Archive for the ‘Arizona Trail’ Category

Horse Corral On The Arizona National Scenic Trail   Leave a comment

Horse Corral On The Arizona National Scenic Trail (One of Two Art Pieces On the Same Location) — Photo-Artistry by kenne

April is the cruellest month, breeding
Lilacs out of the dead land, mixing
Memory and desire, stirring
Dull roots with spring rain.
Winter kept us warm, covering
Earth in forgetful snow, feeding
A little life with dried tubers.
Summer surprised us, coming over the Starnbergersee
With a shower of rain; we stopped in the colonnade,
And went on in sunlight, into the Hofgarten,
And drank coffee, and talked for an hour.
Bin gar kine Russin, stamm’ aus Litauen, echt deutsch.
And when we were children, staying at the archduke’s,
My cousin’s, he took me out on a sled,
And I was frightened. He said, Marie,
Marie, hold on tight. And down we went.
In the mountains, there you feel free.
I read, much of the night, and go south in the winter.

— from The Waste Land by T. S. Eliot

Ciénega Creek — Photo Essay   Leave a comment

Hiking the Ciénega Creek Trail with Friend,Tom Markey — Images by kenne
(Click on Any Image for Larger View with Descriptions In a Slideshow Formate.)

Ciénega Creek Trail (English: “Hundred Springs Creek” or “Marsh Creek”) is an intermittent stream located within the Cienega Creek Natural Preserve, and is one of the most intact riparian corridors left in the state, represents one of the last perennial streams in southeastern Arizona. It originates in the Canelo Hills and continues northwest about 50 miles (80 km) to an area just outside Tucson, where it becomes known as Pantano Wash. Pantano Wash continues through Tucson and eventually connects with the Rillito River.

Gila Topminnow, once the most widespread fish in the Gila River basin (including Santa Cruz River), the Gila topminnow now claims Cienega Creek as its last stronghold in the United States. This guppy-like fish is good at thriving in less than ideal water conditions and loves to feast on mosquito larva. — Source: Pima County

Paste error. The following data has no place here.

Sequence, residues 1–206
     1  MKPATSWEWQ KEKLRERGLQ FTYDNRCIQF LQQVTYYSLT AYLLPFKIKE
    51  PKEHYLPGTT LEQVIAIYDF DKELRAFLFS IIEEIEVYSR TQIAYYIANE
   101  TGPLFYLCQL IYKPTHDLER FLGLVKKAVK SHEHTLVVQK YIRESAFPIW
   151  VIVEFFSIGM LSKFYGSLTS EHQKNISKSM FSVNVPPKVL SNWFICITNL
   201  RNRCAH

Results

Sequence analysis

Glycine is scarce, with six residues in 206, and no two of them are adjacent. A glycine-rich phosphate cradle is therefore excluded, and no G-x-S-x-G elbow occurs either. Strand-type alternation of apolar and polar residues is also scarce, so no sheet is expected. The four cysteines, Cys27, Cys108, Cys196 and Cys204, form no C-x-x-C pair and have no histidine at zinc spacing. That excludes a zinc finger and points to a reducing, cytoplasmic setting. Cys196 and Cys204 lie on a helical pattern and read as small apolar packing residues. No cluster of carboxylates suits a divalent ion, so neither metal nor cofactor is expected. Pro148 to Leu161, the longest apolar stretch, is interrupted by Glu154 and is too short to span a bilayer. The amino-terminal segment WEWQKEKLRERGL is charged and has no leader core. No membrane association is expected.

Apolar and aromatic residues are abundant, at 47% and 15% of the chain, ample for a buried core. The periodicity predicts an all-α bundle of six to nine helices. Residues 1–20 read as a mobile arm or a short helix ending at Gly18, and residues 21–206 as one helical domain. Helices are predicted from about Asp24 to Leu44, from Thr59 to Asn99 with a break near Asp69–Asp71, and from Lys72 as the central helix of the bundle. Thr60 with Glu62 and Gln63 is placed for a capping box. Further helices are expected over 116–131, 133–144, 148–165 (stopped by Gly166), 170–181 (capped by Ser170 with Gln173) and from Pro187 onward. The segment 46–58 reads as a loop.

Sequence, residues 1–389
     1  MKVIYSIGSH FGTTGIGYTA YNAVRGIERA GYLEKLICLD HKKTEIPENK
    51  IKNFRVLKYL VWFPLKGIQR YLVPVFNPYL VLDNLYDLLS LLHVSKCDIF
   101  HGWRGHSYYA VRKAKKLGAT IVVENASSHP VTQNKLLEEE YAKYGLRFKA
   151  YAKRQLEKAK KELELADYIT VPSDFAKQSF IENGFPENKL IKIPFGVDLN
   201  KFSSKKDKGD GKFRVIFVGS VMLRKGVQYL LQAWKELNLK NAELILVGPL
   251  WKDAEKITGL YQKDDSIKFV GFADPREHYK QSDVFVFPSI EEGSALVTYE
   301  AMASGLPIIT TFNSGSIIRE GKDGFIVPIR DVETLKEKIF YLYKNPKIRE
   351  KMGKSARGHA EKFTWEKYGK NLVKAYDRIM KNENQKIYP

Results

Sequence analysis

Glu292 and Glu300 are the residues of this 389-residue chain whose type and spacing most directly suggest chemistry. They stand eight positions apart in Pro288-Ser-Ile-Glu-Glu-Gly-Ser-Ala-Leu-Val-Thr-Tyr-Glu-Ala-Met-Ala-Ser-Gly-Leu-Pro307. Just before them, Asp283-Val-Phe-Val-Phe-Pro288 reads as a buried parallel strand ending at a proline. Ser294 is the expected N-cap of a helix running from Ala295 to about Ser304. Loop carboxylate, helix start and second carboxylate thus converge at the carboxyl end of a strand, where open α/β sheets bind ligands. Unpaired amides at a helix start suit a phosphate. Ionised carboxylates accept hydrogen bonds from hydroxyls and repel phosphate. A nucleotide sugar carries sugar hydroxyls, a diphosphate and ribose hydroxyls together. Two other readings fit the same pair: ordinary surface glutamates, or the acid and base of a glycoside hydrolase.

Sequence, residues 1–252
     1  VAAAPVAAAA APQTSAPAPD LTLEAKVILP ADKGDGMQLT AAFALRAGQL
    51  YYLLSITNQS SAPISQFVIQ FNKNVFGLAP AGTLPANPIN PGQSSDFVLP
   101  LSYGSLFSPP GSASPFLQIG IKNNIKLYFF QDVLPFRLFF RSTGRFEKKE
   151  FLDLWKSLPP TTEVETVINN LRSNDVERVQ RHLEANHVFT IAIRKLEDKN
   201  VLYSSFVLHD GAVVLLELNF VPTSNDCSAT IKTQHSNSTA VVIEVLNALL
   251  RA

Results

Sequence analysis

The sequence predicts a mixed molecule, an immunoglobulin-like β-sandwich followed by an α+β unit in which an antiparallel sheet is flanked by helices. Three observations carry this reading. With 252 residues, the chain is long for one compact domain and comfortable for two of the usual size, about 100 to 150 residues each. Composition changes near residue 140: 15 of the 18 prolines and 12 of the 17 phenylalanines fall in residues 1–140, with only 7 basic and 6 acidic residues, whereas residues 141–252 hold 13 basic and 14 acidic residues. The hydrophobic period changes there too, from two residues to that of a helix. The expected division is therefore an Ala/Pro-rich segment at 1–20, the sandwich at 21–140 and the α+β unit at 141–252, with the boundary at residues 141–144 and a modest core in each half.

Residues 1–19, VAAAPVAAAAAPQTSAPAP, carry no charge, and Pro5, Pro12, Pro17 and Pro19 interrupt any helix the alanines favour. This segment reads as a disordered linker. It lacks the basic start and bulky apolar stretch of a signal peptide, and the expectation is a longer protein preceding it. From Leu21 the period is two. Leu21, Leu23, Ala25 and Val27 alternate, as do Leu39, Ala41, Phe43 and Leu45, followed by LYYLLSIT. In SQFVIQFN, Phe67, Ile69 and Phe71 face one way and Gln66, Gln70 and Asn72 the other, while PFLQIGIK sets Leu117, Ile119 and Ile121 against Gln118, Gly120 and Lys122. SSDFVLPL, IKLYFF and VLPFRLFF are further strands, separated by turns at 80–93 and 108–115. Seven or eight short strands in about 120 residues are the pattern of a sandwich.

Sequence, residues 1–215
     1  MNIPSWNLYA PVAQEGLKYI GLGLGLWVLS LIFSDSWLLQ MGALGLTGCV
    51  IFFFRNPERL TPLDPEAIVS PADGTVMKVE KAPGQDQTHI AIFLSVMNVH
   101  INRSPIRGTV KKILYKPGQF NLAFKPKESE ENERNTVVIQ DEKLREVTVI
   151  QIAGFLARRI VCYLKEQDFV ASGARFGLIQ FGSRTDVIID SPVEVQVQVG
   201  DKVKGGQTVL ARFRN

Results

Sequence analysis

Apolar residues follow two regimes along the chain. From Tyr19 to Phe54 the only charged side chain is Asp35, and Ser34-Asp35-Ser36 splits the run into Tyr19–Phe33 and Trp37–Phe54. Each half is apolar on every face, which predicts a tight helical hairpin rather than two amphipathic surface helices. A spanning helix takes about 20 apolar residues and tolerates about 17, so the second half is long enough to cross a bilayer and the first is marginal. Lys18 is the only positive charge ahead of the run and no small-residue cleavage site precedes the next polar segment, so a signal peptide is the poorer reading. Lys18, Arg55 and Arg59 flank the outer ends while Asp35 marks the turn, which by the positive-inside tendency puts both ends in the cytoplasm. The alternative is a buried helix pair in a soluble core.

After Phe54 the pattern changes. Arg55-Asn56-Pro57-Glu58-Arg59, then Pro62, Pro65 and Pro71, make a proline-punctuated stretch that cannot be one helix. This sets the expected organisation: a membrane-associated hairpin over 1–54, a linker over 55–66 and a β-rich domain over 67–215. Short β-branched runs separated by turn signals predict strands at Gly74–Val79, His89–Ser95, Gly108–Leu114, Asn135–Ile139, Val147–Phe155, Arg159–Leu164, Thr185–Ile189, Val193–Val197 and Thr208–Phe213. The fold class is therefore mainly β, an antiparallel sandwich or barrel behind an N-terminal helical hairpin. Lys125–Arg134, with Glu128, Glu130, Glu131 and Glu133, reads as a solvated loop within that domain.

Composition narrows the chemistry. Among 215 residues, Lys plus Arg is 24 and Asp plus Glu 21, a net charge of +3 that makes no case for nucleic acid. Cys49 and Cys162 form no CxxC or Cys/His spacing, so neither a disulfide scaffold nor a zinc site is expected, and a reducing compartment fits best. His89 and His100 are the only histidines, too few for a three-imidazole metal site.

Riding The Arizona Trail On Horseback   Leave a comment

Riding The Arizona Trail On Horseback in Sycamore Canyon — Photo-Artistry by kenne

The Canyon from Horseback

The young don’t know enough
About being young
They squander youth
And never know ’til later.

Any lad of twelve will testify
An eight-year-old can’t even qualify
To be a child
At eighteen our own ignorance
At fifteen is finally written
In language we comprehend:
We know the score
Reality’s the icing on the cake
Of youthful fantasies;
When the young grow old
They know a lot
About being young
But almost nothing
About being old.

— Jack Purcell from Poems of the New Old West

 

Fall Landscape   Leave a comment

Fall Landscape — Photo-Artistry by kenne

“It is precisely because we resist
the darkness in ourselves
that we miss the depths
of the loveliness, beauty,
brilliance, creativity, and joy
that lie at our core.”

— Thomas Moore

Fall Shadows On The Mountain   Leave a comment

Fall Shadows On The Mountain — Image by kenne

What would shadows be without light?

What would light be without shadows?

So much of what existence  is all about,

One can not exist do without the other.

— kenne

Sunlight and Shadows   1 comment

Sunlight and Shadows — Images by kenne

I walk in the morning sunlight
or is it in the morning shadows
you choose the perspective.

A bird crosses my path
disappearing in the shadows
only to quickly fly away.

I perceived each morning walk
with reference to a particular frame
where “same” events are not the same.

— kenne

 

 

I Spotted An Old Friend   1 comment

Eastern collared lizardEastern Collared Lizard — Images by kenne

Eastern collared lizard

Eastern collared lizard

 

 

Arizona Trail on Horseback   2 comments

Arizona Trail on Horseback-8-Edit-1-art-72Arizona Trail on Horseback — Photo-Artistry by kenne

Recently I spent some time photographing wildflowers in the Molino Basin. One of the trails through the campgrounds is part of the Arizona Trail. When I arrived, there was a horse trailer with three horses and four guys saddling-up the horses. Since I was there to photograph wildflowers, I started hiking the trail.  About the time I reach a section of the basin that had experienced a wildfire a couple of years ago, I looked back and so two riders with a packhorse. Of course, I had to take a few photos, and at the first opportunity, I asked how far they were going. They had begun a three-day, two-night ride to a ranch just outside Oracle, Arizona, which was on the northside of the Santa Catalina Mountains. I wished the well and continued photographing wildflowers.

— kenne

Images by kenne

 

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